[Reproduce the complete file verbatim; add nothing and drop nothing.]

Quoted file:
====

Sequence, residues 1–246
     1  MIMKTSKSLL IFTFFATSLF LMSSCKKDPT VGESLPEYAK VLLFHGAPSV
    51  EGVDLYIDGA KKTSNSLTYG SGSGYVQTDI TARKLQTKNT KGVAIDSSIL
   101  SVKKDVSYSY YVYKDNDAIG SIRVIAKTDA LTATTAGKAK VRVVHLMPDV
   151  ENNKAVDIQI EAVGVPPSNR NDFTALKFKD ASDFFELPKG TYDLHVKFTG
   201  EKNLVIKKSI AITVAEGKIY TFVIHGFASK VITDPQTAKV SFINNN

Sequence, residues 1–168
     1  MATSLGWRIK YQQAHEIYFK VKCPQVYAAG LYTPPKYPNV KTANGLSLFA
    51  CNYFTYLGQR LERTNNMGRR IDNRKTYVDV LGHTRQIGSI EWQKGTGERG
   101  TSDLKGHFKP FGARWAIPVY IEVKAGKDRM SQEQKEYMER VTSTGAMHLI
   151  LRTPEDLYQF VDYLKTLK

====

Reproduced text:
Sequence, residues 1–246
     1  MIMKTSKSLL IFTFFATSLF LMSSCKKDPT VGESLPEYAK VLLFHGAPSV
    51  EGVDLYIDGA KKTSNSLTYG SGSGYVQTDI TARKLQTKNT KGVAIDSSIL
   101  SVKKDVSYSY YVYKDNDAIG SIRVIAKTDA LTATTAGKAK VRVVHLMPDV
   151  ENNKAVDIQI EAVGVPPSNR NDFTALKFKD ASDFFELPKG TYDLHVKFTG
   201  EKNLVIKKSI AITVAEGKIY TFVIHGFASK VITDPQTAKV SFINNN

Sequence, residues 1–168
     1  MATSLGWRIK YQQAHEIYFK VKCPQVYAAG LYTPPKYPNV KTANGLSLFA
    51  CNYFTYLGQR LERTNNMGRR IDNRKTYVDV LGHTRQIGSI EWQKGTGERG
   101  TSDLKGHFKP FGARWAIPVY IEVKAGKDRM SQEQKEYMER VTSTGAMHLI
   151  LRTPEDLYQF VDYLKTLK